Addiction

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Addiction is complex, and isn’t just about illegal drugs, as problematic as that issue is. It’s not just a metaphor, but literally encompasses a great deal of human behavior.
Illegal drug use has spread and become more persistent. Heroin used to be an urban problem. It’s part of the rural landscape now too.
The War on Drugs has been going on for more than forty years, and we’re losing. One big reason for that is that illegal drugs intersect with something very American: capitalism. There’s an immense demand for illegal drugs, and as long as that’s true there will be people to supply them. Illegal drugs are among the most valuable substances there are, and the behavior around the others is comparable.
This was true of alcohol during Prohibition. One might think lawmakers might have learned from that, but maybe they learned the wrong lesson. A business that profitable probably supports legislators, as well as others. Prohibition only lasted long enough to give us organized crime. The War on Drugs has given us organized crime on steroids.
But illegal drugs are only a small part of addiction. Alcohol is legal again, tobacco always has been, but both are very destructive. Alcohol can destroy families as thoroughly as drugs (it may or may not take longer), and tobacco is good for destroying health.
But these are still only part of the story. Sugar and salt are the two substances that sell most processed foods, even though we know too much of them is bad for us.
I used to drink like an alcoholic, but had increasing trouble tolerating it. I haven’t taken a drink for at least a couple of years, but it took a very long time to quit entirely.
It’s been almost a year since I last smoked. I don’t feel the desire too strongly, but know that if I started again I probably wouldn’t stop. I’ve smoked most of my life.
I like sugar in particular about as much as anyone, though I also like salt. But those aren’t my only addictive behaviors.
I’ve read more than most people all my life, which takes us out of the realm of substance abuse as ordinarily understood. In this sort of category are TV, movies, computers, and video games. I’ve probably been less addictive about TV and movies than most, and I’ve hardly played video games at all. Computers are another matter.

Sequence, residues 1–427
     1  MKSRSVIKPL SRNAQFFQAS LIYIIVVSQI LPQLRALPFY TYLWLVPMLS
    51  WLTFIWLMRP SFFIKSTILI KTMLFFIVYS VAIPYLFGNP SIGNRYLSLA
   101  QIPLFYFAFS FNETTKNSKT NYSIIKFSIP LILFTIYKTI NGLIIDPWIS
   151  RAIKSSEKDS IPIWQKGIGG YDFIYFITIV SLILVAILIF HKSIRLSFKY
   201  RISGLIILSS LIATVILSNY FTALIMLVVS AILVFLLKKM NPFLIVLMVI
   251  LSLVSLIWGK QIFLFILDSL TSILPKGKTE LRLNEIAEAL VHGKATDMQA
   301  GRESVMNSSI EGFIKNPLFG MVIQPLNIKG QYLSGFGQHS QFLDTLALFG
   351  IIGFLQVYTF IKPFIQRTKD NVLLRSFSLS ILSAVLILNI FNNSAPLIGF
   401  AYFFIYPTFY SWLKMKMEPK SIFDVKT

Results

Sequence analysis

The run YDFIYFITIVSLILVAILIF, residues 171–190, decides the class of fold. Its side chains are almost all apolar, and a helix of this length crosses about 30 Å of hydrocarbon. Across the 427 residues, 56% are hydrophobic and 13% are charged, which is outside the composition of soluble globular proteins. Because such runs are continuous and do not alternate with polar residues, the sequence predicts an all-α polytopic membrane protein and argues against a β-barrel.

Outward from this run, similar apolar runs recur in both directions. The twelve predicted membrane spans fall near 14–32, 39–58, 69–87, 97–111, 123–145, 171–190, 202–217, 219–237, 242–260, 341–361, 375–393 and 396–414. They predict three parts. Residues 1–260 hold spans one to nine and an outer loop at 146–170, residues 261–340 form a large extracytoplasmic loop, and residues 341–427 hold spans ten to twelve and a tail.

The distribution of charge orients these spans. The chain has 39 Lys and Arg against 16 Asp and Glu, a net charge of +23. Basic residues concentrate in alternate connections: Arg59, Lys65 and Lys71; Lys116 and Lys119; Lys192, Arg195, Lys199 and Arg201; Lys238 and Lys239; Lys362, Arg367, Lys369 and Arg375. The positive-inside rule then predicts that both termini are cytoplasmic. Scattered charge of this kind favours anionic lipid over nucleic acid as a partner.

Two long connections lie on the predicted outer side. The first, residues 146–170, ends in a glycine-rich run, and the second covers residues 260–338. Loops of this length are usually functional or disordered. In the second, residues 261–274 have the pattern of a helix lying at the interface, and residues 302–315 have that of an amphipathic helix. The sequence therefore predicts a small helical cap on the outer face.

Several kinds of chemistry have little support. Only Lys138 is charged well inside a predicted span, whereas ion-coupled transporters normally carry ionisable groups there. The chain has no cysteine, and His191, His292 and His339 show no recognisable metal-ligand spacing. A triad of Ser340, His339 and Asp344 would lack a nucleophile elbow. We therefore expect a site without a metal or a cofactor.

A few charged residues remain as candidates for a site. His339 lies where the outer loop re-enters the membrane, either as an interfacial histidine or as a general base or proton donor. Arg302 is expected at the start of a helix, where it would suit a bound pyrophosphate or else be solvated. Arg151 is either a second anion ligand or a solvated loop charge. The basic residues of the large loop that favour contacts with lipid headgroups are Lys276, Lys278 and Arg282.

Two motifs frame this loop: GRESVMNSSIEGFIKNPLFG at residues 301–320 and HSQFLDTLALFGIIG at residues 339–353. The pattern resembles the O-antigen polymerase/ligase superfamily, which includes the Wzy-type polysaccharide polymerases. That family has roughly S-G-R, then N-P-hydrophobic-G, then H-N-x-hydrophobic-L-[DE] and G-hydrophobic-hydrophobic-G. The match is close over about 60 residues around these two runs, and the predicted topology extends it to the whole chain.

Computers are an immense resource in the sense of available knowledge, as well as a great way for merchants to advertise and sell. I’d be willing to guess a major part of computer use is to interact with others, though. That was the initial attraction for me, as it seemed easier than trying to meet people in bars, for instance. That can be positive. but trolling is a familiar word now.
In any case, other forms of behavior can also be addictive. Sex is probably as addictive as anything else people do, since it’s intensely pleasurable, as well as being a fundamental drive.
Nor does it stop there. Few of us are entirely authentic. We identify with whatever we say “I” to, and identification is a form of “sleep”, which is a way of not being conscious, and addiction is a way to avoid consciousness, because consciousness can be painful.
How did narcotics come to be abused? They kill pain, and not just physical pain. There are plenty of people with chronic physical pain, but arguably even more with chronic emotional pain. Illegal drugs will numb both. So will legal drugs, like alcohol and tobacco, to say nothing of tranquilizers. You can add coffee, sugar, and chocolate to that list too. And money.
In this country, and much of the rest of the world, we are convinced that buying things will make us happy. There’s evidence to suggest there are limits to this happiness, but few of us are willing to give up all we own, as Jesus recommended. We make the people who sell things very happy, and many of them happily cut corners to make themselves even happier.
A lot of what is sold can be called convenience. Central heating, cars, computers, and cellphones are all convenient. We’d rather not have to do the intense physical work our ancestors did even a hundred years ago when technology had already begun to make a real impact on our lives. Nor do we care that the convenient products tend not to be biodegradable, or to pollute in other ways. Our desire to be less conscious masks the natural world for us, and how our behavior harms it, and ultimately ourselves. Ideology about individuality has as much to do with the right to pollute and mistreat one’s employees as anything else, it seems.
It seems obvious that the way to be happy is to do pleasurable things, but the great religions contradict that picture. Jesus talked about it being more difficult for a rich man to enter heaven than pass through the eye of a needle (the eye of the needle was a very narrow gate into Jerusalem, which a camel could enter only if its baggage was removed). Capitalism seems largely to be about selling us pleasures, if not entirely. It does pretty much reduce the world to buying and selling, and strongly implies that these are the means to happiness.
William S. Burroughs observed of his experience with narcotics that the perfect customer was an addict “who will crawl through a sewer to buy”. Look at advertising anywhere and ask yourself how much of it is to sell anything people really NEED. In very many cases, perhaps most, it’s trying to stimulate a desire to be satisfied by buying something, and an awful lot of the time it’s not something really NEEDED.